Campaign season begins in Douglas |

Campaign season begins in Douglas

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Office-seekers are rolling out their campaign announcements in preparation for next year’s election season.

Douglas County, birthplace of Nevada politics, had the highest turnout in the state in the 2016 general election.

Without the drama of a close presidential race, the 2018 election probably won’t see last year’s turnout of 93.49 percent, the state’s highest.

But all of the state and county’s constitutional officers are up for election in 2018, with the race for Gov. Brian Sandoval’s seat already heating up with primaries on both sides.

So far, candidates have announced for the county positions of sheriff, assessor, clerk-treasurer, district attorney and recorder. County constitutional officers are not subject to term limits.

Two Douglas County commissioner seats are up for election next year. Commissioner Nancy McDermid becomes the first woman and the third person to term-limit out as a commissioner. Commissioner Steve Thaler also is up for election next year.

Also up for election in 2018 is East Fork and Tahoe Township Constable Paul Gilbert. Gilbert was first elected East Fork Constable in 1982, making him Douglas County’s longest serving elected official.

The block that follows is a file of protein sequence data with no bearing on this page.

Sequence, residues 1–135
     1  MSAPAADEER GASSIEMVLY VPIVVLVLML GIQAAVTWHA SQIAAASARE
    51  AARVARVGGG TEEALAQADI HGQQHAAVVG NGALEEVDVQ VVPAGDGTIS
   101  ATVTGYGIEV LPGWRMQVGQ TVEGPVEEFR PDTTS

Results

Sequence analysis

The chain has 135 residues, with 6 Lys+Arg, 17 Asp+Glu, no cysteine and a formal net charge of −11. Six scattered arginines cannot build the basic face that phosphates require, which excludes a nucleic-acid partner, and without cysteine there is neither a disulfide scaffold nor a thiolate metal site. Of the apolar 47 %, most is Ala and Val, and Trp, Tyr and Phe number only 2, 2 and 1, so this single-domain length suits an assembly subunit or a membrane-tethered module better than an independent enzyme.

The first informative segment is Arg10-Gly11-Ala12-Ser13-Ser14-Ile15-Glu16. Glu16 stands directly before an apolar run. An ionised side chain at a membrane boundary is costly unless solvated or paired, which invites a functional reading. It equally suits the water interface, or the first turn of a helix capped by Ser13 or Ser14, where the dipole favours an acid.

Both East Fork and Tahoe Township justices of the peace also are up for election with filing starting Jan. 2.

Filing for nonjudicial office is March 5-16. Independent candidates have from the beginning to the year until June, but must file their intention to run with the Clerk’s office before starting to gather signatures for office.

Because of the county’s substantial Republican majority, partisan elections will essentially be decided in the June primary.

According to the Clerk-Treasurer’s Office, there are 36,577 registered active and inactive voters in Douglas County, up from 35,815 in January. Of those 19,334 are Republicans, 8,599 are Democrats and 6,195 are nonpartisan.

In addition to countywide races, there are a score of elected boards for Douglas County’s towns and taxing districts with as many as 60 seats up for election.